Obama Increases Sanctions on Russia

Barack_Obama_and_Vladmir_Putin_at_G8_summit,_2013

By Christina Cameron

On Tuesday, July 29, President Barack Obama announced the United States, along with Europe, would be placing a new set of sanctions on Russia.

These additional sanctions, which come after the original ones placed in March, are geared toward damaging the already stagnant Russian economy.

“The major sanctions we’re announcing today will continue to ratchet up the pressure on Russia including the cronies and companies supporting Russia’s illegal activities in the Ukraine. In other words, today Russia is once again isolating itself from the international community, setting back decades of genuine progress.”

The sanctions, which are also expected to include “cronies” of Russian President Vladimir Putin, are a result of continuous fighting in Ukraine.

The issue between Russia and Ukraine first began in February. The “Crimean Crisis” revolved around the Crimean peninsula, which is (still) recognized by the UN as part of Ukraine. However, earlier this year in March, Crimea was annexed by the Russian Federation.

Crimea is predominantly populated by ethnic Russians, and they are accompanied by ethnic Ukrainians and Crimean Tatars.

The annexation took place after the President at the time, President Viktor Yanukovych fled to Kiev. He was soon after deposed by the Ukrainian parliament, and he was replaced by Oleksandr Turchynov. These events are classified as the Ukrainian Revolution. This new government was and still is formally recognized the United States and the European Union.

These events led Putin to hold a referendum regarding the secession of the Crimean peninsula from the Ukraine. This referendum, found illegitimate by Obama, led him to seek the original sanctions that were placed on Russia.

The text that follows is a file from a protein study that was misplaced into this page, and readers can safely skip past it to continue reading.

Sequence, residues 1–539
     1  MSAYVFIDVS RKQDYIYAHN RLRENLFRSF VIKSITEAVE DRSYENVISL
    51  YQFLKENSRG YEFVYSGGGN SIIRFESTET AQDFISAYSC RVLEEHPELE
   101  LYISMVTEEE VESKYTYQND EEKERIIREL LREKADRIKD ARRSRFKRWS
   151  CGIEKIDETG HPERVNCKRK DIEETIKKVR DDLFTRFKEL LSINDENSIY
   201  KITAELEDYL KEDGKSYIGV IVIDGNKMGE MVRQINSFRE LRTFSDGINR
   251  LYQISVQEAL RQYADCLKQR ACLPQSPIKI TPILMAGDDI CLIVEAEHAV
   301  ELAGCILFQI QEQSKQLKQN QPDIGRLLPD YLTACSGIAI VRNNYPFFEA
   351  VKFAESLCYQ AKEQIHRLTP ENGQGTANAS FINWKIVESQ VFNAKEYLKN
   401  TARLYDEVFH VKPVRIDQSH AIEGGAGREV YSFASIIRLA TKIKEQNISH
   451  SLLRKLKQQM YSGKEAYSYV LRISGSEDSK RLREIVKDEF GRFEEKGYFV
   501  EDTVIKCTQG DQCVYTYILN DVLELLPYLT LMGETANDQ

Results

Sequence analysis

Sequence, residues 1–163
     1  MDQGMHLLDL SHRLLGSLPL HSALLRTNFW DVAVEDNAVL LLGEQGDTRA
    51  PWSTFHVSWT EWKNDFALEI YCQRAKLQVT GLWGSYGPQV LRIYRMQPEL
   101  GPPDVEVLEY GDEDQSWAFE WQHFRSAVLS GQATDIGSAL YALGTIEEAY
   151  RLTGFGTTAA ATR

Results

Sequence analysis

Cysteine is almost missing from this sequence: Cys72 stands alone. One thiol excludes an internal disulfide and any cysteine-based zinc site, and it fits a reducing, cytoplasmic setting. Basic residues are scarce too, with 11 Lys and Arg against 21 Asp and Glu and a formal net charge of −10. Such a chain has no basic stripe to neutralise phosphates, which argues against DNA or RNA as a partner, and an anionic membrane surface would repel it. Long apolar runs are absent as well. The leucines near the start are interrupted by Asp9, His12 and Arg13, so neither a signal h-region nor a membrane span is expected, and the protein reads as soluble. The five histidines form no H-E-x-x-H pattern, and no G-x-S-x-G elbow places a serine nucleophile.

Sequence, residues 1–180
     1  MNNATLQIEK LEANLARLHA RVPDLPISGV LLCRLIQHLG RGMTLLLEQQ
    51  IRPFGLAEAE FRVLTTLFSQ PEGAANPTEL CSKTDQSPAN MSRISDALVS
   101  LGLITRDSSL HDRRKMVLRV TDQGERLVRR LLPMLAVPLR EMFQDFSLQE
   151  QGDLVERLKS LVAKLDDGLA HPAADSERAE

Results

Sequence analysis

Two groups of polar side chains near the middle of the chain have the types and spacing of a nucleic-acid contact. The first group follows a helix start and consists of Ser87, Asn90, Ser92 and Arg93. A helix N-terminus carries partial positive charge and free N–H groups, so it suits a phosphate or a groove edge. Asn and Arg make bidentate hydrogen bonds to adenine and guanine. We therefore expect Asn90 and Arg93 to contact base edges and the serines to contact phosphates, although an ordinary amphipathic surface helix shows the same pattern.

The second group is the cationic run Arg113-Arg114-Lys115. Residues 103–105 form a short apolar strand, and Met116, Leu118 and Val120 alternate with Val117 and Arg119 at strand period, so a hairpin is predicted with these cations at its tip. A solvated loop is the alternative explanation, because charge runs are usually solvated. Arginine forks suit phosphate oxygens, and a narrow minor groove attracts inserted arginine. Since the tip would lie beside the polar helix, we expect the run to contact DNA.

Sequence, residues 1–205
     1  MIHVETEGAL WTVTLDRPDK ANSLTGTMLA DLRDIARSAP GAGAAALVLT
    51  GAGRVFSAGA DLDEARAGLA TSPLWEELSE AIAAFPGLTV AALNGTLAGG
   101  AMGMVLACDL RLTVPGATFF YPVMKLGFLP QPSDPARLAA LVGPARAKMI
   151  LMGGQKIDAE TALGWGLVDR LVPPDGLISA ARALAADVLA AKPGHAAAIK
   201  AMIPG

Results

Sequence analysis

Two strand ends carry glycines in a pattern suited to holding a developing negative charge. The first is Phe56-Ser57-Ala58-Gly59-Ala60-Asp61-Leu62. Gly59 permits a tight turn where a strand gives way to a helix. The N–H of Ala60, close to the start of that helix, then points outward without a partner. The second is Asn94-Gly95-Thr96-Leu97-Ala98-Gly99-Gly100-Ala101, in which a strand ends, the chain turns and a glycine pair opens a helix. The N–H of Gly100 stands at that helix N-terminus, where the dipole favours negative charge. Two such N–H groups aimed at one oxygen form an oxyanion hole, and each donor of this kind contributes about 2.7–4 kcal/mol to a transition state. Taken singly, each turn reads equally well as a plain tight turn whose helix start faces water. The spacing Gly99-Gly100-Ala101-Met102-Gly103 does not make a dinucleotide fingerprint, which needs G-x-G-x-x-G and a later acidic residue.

These sanctions, which were announced on March 17th, followed an executive action that took place earlier in the month.  CBS reported that the executive order imposed visa restrictions on pro-Russian opponents of the new government in Ukraine, bringing the total number of individuals facing sanctions to 11. In addition to the visa restrictions, the sanctions froze assets and banned travel for 21 officials in both Russia and Ukraine.

Then just a few days later on March 20th, Obama announced that he would be expanding the list of individuals that were affected by the original sanctions.

At the time, Obama said, “The Russian people need to know and Mr. Putin needs to understand that Ukrainians shouldn’t have to choose between the West and Russia. We want the Ukrainian people to chose their own destiny. That can only happen if Russia also recognizes the rights of the Ukrainian people.”

Talks of new sanctions surfaced in the middle of July. On July 16th, CBS reported that “President Obama announced that the U.S. is levying deeper sanctions on Russia as the West grapples for a way to quell an insurgency in eastern Ukraine widely believed to be backed by Moscow.”

The sanctions were finally announced on Tuesday, and will affect five of Russia’s six financial institutions, along with its oil business.

Rumors that the sanctions are part of new Cold War were shot down by President Obama.

“It didn’t have to come to this. It does not have to be this way,” Obama said. “This is a choice that Russia and President Putin in particular has made. … The path for a peaceful resolution to this crisis involves recognizing the sovereignty, the territorial integrity and the independence of the Ukrainian people.”

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